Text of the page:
So who wants this DVD as an early Christmas present? Look at me, December 11th, I haven’t even started my Christmas shopping, and here I am giving away a DVD on my site. Ah priorities…

GIVEAWAY: Leave a comment below. I’ll randomly choose a winner in a few days, and get the DVD shipped off to the winner before Christmas.

UPDATE: We gotta winner! See here.

Another cool recent release is Johnny Cash – At San Quentin: Legacy Edition. It contains the full show from San Quentin Prison and a 1969 documentary of the event.

Here’s a promo for the boxed set….

cash vid

Johnny Cash: I Walk the Line (Audio stream: WMP, Quicktime, Real) – live in San Quentin (“man you in the wrong place to bend over, don’t you know it? Get up from there with that camera!”)

Buy Johnny Cash In Ireland – 1993
Buy Johnny Cash – At San Quentin: Legacy Edition

Dwight’s Guitars, Cadillacs, Etc. Etc.


My appreciation for country music has always lied squarely outside of the Nashville mainstream country machine. I’ll take the old school country any day of the week: the Willies, Waylons, and Johnny Cashes. But the manufactured new school of country will never interest me. Not to knock ’em, but I don’t see myself ever getting into Toby Keith, Rascall Flatts, Brad Paisley, or for crikey’s sake, Carrie Underwood (TM). Now I see another American Idol princess of the ditzballs, Kelly Pickler (TM), has a debut album. And what is a Dierks Bentley?? (To be fair, if anyone wants to recommend the best of the New Nashville in the comments, feel free). It’s just that anything that makes me think of George W. Bush and red staters just makes me, well, not listen (and I live smack dab in the middle of a red state – egads, they’re everywhere!).

One of the artists I’ve always admired, and who has always stuck to his independent, honky tonkin’ ways is Dwight Yoakam. In my late teen years, between 1986 and 1990, he released these great four albums: Guitars, Cadillacs, Etc. Etc., Hillbilly Deluxe, Buenas Noches from a Lonely Room, and my favorite, If There Was a Way (mostly due to the title track and “Turn it On, Turn it Up, Turn Me Loose”). All fantastic albums, all dabbling in traditional country, western swing, and good ol’ hillbilly honky-tonk music.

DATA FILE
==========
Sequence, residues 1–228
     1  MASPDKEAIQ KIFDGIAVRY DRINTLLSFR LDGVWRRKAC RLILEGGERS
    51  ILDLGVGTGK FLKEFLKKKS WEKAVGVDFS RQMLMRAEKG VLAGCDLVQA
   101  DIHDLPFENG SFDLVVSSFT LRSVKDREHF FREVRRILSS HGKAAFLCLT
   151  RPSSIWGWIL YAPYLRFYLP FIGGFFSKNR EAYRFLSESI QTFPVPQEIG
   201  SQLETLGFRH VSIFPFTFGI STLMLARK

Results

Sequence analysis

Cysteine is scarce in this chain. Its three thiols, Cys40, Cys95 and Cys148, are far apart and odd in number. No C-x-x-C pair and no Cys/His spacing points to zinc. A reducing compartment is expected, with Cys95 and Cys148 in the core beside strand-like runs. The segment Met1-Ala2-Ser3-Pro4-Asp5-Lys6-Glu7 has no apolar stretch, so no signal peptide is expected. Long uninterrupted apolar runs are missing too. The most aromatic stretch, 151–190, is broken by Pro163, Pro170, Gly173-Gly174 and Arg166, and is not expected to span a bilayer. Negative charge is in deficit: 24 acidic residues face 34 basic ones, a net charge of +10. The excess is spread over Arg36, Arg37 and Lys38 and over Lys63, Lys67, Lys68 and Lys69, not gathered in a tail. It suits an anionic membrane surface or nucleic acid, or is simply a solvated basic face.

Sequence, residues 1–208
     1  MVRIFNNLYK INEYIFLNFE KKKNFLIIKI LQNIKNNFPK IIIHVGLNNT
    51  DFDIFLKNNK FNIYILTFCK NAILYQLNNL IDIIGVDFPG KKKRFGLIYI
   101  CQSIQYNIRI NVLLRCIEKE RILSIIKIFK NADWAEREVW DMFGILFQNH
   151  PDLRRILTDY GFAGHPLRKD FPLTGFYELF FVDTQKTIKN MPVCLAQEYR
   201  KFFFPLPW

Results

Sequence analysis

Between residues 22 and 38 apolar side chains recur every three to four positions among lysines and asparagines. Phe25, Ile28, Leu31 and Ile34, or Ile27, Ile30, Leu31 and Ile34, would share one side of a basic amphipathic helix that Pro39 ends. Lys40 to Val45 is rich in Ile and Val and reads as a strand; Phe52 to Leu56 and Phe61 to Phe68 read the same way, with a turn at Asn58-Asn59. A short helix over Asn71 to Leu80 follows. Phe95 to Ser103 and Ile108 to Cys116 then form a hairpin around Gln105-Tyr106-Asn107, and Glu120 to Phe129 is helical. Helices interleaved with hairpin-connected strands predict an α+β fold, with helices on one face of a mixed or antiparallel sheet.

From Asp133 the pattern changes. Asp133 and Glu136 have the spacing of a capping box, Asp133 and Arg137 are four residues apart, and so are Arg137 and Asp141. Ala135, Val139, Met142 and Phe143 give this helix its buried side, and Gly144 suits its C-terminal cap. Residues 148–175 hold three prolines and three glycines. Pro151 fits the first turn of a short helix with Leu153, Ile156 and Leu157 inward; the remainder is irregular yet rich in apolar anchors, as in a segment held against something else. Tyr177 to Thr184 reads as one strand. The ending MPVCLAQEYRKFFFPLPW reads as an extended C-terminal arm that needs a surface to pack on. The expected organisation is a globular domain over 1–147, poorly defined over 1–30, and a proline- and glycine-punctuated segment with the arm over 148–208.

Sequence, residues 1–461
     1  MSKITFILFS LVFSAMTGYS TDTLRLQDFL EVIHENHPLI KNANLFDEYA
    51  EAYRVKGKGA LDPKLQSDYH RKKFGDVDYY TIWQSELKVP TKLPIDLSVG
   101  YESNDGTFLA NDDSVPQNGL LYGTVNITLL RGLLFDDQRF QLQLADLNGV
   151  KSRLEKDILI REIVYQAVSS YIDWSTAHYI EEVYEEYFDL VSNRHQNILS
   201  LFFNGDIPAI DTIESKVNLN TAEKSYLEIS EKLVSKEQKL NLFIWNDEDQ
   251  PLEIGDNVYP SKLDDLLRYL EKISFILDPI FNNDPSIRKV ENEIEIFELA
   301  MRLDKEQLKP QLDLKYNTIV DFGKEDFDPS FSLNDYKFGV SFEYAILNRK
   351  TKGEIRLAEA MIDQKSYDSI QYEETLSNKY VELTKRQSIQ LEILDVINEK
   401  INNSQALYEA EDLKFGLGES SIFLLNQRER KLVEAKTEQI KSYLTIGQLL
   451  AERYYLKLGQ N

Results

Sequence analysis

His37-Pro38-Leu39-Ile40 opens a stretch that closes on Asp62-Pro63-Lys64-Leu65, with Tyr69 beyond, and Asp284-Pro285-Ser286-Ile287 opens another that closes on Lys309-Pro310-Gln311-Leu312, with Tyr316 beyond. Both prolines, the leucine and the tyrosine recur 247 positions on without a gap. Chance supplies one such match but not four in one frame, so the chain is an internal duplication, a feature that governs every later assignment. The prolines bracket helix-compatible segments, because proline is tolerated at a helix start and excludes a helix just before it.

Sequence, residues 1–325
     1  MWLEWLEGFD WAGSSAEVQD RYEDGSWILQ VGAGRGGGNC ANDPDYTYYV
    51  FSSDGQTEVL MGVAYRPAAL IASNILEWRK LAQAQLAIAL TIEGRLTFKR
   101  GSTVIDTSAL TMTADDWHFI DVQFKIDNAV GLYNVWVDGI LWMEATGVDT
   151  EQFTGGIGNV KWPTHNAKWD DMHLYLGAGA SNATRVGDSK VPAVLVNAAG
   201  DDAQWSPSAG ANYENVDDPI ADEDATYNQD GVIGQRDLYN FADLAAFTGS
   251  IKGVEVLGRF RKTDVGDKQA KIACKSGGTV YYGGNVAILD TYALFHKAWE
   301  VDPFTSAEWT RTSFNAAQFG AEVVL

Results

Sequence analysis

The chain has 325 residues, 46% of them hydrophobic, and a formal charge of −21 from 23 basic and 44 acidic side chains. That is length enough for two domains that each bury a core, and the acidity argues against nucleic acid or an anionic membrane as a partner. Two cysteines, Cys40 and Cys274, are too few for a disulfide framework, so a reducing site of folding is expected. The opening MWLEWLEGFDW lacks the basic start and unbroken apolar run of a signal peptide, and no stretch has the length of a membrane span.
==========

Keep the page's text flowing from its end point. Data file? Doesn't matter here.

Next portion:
Well now Rhino, yes Rhino again, has released a special 20th Anniversary deluxe edition of Guitars, Cadillacs, Etc. Etc. 2 discs of music containing early demos from 1981, a remastered album, and an entire live 1986 show from the Roxy in Hollywood. Yep, Dwight is so far outside the Nashville mainstream that he’s called Los Angeles home since 1977 (he turned 50 on Oct. 23rd).

I listened to the live show tonight. Dwight Yoakam live and loose on the Sunset Strip, playing to the likes of John Fogerty and Emmylou Harris. Belting out his early hits (“Guitars, Cadillacs”, “I’ll Be Gone”) as well as some classics (Bill Monroe’s “Rocky Road Blues”, “Mystery Train”, Hank Williams’ “My Bucket’s Got a Hole in It”).

So definitely folks, the Ickmusic Seal of Approval is dipped into a tub of moonshine and *dinggg* firmly adhered to this CD (and all D.Y. albums for that matter).

Dwight Yoakam:
This Drinkin’ Will Kill Me (mp3 – the 1981 demo version)

Guitars, Cadillacs, Etc. Etc. eCard | The Rhino Listening Party.

Dwight’s Official Site.

Buy the Guitars, Cadillacs, Etc. Etc. Deluxe Edition.


Track Listing

Disc 1
The 1981 Demos
1. “This Drinkin’ Will Kill Me”
2. “It Won’t Hurt”
3. “I’ll Be Gone”
4. “Floyd County”
5. “You’re The One”
6. “Twenty Years”
7. “Please Daddy”
8. “Miner’s Prayer”
9. “I Sang Dixie”
10. “Bury Me”

Guitars, Cadillacs, Etc., Etc.
11. “Honky Tonk Man”
12. “It Won’t Hurt”
13. “I’ll Be Gone”
14. “South Of Cincinnati”
15. “Bury Me” – Duet with Maria McKee
16. “Guitars, Cadillacs”
17. “Twenty Years